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Experiment Author: Adapted from STEP and used with permission of Brian MacWhinney
This experiment used a moving window paradigm to investigate disambiguating phrases like "desert trains" that could be either noun-verb or adjective-noun depending on context. Participants read a sentence, then answered a simple question about its content.
Participants in this experiment read full sentences one word at a time and advance by pressing any keyboard key or allowing one second to elapse. There is a question after each sentence to test comprehension. There are 16 sentence and question sets in the experiment.
Desktop resolution in device settings must stay at 640x480 pixels
MacDonald, M. (1993). The interaction of lexical and syntactic ambiguity. Journal of Memory and Language, 32, 692-715.
Cited Experiment Abstract
Two experiments investigated comprehension of noun/verb lexical category ambiguities such as trains, in order to determine whether resolution of these ambiguities was similar to other types of ambiguity resolution. Frazier and Rayner (1987, Journal of Memory and Language, 26, 505-526) argued that these ambiguities were resolved with a delay strategy that is not used for other ambiguities. Experiment 1's self-paced reading data replicated Frazier & Rayner's results but also showed that evidence taken to support delay had other explanations. Experiment 2 investigated the influence of semantic biases on ambiguity resolution and found that three probabilistic factors influenced lexical category ambiguity resolution: (1) the relative frequency of head vs. modifying noun usage of a biasing noun, (2) the frequency of cooccurrence of a biasing noun and category ambiguous word in English, and (3) the combinatorial semantic information in the sentence. The extent to which alternative models account for the use of probabilistic information in ambiguity resolution is discussed.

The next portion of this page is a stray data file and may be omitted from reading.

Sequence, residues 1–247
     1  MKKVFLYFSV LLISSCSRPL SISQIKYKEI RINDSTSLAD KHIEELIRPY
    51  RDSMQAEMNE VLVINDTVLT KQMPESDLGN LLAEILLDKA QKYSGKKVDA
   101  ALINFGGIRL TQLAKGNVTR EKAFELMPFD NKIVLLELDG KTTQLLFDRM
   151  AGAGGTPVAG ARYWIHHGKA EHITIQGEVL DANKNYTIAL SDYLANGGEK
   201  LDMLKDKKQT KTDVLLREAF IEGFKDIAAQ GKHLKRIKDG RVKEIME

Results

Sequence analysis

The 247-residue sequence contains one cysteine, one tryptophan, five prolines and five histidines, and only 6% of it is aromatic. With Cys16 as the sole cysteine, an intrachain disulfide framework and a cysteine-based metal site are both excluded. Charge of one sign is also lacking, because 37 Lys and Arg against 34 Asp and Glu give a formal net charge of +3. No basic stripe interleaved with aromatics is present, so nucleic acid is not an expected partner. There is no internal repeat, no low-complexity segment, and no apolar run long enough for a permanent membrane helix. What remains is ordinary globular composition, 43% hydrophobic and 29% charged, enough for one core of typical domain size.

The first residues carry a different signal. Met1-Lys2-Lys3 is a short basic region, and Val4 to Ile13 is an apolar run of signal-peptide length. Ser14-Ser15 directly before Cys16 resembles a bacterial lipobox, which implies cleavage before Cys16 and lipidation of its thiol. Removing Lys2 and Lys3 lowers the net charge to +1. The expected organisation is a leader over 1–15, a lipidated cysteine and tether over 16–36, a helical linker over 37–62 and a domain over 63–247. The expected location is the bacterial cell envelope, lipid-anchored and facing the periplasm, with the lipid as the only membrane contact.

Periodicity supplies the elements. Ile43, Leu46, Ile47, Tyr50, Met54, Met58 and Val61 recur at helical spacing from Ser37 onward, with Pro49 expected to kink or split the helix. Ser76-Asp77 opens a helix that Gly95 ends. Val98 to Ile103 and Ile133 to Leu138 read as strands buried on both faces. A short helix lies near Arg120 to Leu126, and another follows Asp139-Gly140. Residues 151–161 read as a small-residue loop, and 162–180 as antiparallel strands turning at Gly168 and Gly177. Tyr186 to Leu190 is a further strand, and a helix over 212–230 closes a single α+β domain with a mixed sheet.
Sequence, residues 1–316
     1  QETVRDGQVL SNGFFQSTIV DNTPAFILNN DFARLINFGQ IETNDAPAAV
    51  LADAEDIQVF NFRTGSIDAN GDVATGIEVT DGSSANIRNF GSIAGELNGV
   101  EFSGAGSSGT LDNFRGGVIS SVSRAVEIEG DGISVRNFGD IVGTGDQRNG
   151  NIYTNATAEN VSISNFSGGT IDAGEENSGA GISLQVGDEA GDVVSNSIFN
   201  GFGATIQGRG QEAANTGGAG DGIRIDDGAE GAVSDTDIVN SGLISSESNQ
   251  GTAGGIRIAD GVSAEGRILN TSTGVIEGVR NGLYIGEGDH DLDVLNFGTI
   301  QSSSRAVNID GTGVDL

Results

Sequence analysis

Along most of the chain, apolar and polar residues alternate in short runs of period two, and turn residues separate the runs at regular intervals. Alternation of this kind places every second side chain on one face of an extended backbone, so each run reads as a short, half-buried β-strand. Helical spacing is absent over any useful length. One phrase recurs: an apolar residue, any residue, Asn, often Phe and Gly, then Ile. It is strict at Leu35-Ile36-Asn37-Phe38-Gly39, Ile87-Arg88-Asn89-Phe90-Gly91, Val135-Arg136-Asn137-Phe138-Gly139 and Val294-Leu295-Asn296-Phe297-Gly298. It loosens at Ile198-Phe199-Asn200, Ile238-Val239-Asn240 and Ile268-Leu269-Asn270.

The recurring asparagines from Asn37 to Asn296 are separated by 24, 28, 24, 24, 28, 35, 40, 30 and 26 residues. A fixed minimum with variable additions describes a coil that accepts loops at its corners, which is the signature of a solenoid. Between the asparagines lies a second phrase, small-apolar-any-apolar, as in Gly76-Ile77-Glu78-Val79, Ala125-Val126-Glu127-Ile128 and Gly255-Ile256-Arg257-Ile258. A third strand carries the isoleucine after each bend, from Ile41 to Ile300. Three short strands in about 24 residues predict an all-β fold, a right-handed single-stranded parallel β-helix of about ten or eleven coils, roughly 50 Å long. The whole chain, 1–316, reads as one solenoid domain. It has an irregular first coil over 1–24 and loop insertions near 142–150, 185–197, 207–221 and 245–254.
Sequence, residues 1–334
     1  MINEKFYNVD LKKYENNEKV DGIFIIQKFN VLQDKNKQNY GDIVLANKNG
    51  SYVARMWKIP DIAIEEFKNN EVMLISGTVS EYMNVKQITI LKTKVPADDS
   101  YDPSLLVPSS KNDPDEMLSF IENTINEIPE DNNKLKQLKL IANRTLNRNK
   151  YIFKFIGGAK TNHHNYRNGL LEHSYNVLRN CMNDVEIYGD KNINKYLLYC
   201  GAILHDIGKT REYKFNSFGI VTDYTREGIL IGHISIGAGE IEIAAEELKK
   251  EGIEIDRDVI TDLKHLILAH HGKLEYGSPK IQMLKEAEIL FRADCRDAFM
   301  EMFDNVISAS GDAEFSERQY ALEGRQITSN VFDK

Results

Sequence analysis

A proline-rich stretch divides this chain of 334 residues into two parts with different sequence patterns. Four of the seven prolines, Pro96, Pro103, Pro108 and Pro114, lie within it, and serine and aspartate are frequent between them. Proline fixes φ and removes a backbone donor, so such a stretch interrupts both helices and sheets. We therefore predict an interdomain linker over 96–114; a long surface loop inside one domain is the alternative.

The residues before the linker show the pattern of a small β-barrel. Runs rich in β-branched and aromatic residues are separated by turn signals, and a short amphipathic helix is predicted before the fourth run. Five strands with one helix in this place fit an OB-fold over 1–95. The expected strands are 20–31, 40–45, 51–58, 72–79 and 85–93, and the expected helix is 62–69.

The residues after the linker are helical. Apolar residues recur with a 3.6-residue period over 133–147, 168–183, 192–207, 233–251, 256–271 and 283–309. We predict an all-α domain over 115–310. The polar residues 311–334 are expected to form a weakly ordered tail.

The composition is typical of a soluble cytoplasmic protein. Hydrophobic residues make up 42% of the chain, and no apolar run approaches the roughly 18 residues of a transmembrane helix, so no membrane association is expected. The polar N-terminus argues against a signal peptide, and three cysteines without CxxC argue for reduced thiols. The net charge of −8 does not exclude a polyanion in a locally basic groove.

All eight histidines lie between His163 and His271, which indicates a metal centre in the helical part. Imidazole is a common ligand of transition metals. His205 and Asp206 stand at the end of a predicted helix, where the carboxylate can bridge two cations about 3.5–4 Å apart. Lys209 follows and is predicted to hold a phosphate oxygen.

Works Cited by the Experiment
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Trueswell, J.C., Tanenhaus, M.K., & Garnsey, S.M. (1993b). Verb specific constraints in sentence processing: Separating effects of lexical preference from garden-paths. Jouranl of Experimental Psychology: Learning, Memory, and Cognition, in press.
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